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Mauritius - Expo Osaka 1970

Mauritius at the Exhibition Expo Osaka 1970
© Expo'70

The objective of the Mauritius Pavilion, in International 2-B, is to provide you with the opportunity to understand very easily and quickly the economic potential of Mauritius, with emphasis on the development of its tourism industry in the context of the history, culture and traditions of this country.

It is fitting that the theme of this pavilion should be "harmony and challenge", so that on the 1865 square kilometres (720 square miles) of mountain and plain, situated on the Tropic of Capricorn, in the middle of the Indian Ocean, 2015 kilometres (1250 miles) from the east coast of the African continent and 805 kilometres (500 miles) from Madagascar, 750,000 people live happily together.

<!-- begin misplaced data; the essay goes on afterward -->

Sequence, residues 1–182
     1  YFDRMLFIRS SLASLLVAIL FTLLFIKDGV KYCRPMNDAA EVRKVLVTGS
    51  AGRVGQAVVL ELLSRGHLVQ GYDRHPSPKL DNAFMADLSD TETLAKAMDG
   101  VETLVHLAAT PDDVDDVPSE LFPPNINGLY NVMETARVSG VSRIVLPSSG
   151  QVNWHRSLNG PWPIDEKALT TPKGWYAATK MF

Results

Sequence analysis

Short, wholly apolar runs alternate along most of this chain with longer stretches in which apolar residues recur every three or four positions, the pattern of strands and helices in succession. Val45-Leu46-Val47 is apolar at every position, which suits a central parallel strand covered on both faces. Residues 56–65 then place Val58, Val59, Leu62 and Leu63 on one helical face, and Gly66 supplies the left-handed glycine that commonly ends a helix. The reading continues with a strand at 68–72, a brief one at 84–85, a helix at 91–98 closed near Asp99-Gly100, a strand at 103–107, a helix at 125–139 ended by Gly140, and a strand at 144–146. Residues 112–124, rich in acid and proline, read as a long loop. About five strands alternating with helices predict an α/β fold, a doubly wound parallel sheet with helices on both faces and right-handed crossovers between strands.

The island was known in early medieval times to Malay and Arab navigators. But the first European visitor was the Portuguese navigator, Pedro Mascarenhas. A few years later, the Dutch established a base, which they later abandoned. Resettled by the French, the island became an important naval base and privateering centre. After 99 years of French administration, the island was ceded to the British, who administered it until 1968, when Mauritius gained its independence.

In the design of the poster, a motif symbolises Mauritius: Star and Key of the Indian Ocean and an international meeting place. Just as the colours of this motif blend harmoniously, so do the Eastern and Western cultures, customs, religions and faiths that make up this mosaic of races.

In addition to the star of the sugar industry, the backbone of the country and recognised as one of the most efficient in the world, the exhibition shows the potential for productive investment. This young nation with an ancient history is taking up the challenge of its economic problem with determination.